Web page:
Check these beauties off your food bucket list at Taste of Kakadu, and learn more about the foods that have sustained Indigenous people for thousands of generations.

Green ants
A limey, zingy treat that’s not be missed – look out for these little flavour-bombs in some surprising places like cheesecake and gin.

Taste them at
Green ant gin tasting
Cocktails at the Croc

Green ant ice-cream | Image by Kakadu Kitchen


Magpie goose
Kakadu Kitchen’s Ben Tyler loves to cook magpie goose. He says in kurrung (hot dry weather season) the geese are fat from feeding on water chestnuts. It’s cooked on the coals of an open fire and tastes delicious!

Taste it at
Dinner by Clayton


Crocodile is low in fat and a great source of protein. It has a texture similar to chicken, and a fishy flavour. Go on, snap some up!

Taste it at
Zach Green
Dinner by Clayton

Zach Green corcodile fettucine
Crocodile fettucine | Image by Zach Green


Finger lime
These little super-fruits pack a mighty delicious, and nutritious, punch. Prise one open and get a look at the delicate pearls within – they’re so pretty! Then go in for a taste of the sharp, refreshing lemon-lime juice. Look out for it dressing meals around the festival and blending seamlessly into desserts and cocktails.

Taste it at
Cocktails at the Croc
Dinner by Clayton

Finger lime | Image by Malcolm Manners


Everyone loves a chunk of buffalo, hot from a traditional ground oven. There’s nothing like this tasty meat, so be sure to catch one of the ground ovens over the festival and treat yourself yourself to a hearty mouthful of Kakadu.

Taste it at
Ground oven feast
Anbangbang Billabong Family Feast



A visit to Kakadu isn’t complete without some barra. The NT’s favourite fish, it lives in rivers throughout Kakadu. Grab some, pan-fried, in a paperbark parcel, or fresh from the ground oven! How do you like yours?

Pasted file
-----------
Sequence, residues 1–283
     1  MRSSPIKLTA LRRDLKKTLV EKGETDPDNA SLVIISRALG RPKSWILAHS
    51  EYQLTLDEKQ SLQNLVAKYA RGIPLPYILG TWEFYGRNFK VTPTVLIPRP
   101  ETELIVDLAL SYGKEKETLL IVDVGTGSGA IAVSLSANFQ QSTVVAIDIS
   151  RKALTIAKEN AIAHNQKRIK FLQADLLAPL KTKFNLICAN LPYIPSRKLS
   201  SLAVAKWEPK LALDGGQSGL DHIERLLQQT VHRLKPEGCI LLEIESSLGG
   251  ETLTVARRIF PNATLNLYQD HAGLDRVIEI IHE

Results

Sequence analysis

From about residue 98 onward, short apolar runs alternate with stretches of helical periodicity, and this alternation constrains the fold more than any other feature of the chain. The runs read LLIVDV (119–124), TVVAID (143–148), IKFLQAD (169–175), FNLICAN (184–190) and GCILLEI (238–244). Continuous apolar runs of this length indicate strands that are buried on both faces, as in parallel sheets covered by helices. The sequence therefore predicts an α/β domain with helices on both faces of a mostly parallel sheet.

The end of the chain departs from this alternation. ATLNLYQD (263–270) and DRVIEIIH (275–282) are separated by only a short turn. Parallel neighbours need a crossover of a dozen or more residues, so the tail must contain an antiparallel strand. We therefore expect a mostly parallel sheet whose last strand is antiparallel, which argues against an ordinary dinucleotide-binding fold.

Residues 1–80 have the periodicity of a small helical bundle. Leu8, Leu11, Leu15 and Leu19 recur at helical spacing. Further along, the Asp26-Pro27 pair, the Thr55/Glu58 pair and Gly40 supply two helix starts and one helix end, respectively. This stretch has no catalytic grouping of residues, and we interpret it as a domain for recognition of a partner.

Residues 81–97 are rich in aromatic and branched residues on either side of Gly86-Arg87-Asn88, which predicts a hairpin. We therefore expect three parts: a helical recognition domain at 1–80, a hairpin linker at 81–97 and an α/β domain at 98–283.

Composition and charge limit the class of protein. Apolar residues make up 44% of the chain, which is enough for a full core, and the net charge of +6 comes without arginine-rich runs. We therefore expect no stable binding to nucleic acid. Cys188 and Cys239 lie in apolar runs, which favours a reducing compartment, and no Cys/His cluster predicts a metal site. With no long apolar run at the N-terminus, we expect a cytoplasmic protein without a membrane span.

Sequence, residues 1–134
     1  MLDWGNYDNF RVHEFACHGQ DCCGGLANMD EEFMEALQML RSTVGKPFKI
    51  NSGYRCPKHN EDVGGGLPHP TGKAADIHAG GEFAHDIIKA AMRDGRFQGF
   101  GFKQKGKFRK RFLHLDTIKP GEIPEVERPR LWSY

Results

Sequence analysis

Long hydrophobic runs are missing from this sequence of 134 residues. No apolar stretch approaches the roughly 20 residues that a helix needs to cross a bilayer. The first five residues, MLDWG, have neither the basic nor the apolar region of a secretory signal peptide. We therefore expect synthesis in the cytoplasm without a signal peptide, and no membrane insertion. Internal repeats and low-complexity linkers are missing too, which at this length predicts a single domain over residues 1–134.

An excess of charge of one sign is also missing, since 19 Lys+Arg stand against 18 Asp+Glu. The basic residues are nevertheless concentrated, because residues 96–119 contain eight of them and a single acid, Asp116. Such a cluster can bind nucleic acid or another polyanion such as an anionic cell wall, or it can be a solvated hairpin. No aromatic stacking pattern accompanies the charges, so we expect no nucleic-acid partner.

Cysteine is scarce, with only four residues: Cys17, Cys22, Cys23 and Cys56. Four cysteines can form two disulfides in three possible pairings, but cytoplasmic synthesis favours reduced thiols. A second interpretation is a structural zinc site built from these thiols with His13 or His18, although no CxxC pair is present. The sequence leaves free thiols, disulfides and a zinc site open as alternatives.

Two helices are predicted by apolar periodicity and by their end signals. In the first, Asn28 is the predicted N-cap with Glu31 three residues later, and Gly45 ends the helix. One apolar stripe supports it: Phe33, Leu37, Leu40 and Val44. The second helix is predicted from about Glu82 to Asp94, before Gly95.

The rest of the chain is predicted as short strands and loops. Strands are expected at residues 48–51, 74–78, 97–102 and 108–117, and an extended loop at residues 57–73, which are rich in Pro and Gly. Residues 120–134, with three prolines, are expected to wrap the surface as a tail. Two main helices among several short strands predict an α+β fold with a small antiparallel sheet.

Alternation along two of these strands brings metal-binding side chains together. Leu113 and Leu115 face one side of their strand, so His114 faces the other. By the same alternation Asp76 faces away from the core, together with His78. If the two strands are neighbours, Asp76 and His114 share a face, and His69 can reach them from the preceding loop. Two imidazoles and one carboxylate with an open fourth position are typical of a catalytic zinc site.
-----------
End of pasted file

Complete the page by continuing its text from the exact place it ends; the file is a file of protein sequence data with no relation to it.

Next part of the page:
Taste it at
Family Feast at Anbangbang Billabong
Ground oven barramundi feast



Stop by world-famous Ubirr rock art site to join in the native yam cook-up – learn more about the different native varieties and taste the difference between them. (You’ll need to try them all!)

Or taste some water yams at Kakadu Billabong Safari Camp.

Taste them at
Ubirr walk and talk
Kakadu Billabong Safari Camp


Lemon myrtle
A delightful and iconically Australian bush food, look out for uplifting lemon myrtle dressing meats, desserts, and drinks. It’s also a key ingredient in Kakadu Tiny Tot’s Anlabal bush tea which you’ll find at the Festival Hub and on the Kakadu Kitchen bush tucker tasting walk.

bush tea
Bush teas by Kakadu Tiny Tots


Waterlily stem
Light, crunchy waterlily stems taste a bit like celery. Last year they formed part of Kakadu Kitchen’s bush-inspired sushi rolls. This year they’re on the menu in a waterlily and native peanut salad at the Sunset Food Safari! Keep an eye out for them at the Festival Hub and in other dishes too.

Taste it at
Sunset Food Safari


Look out for these bush foods, and many many more at over 70 individual events across Taste of Kakadu.

Check out the full program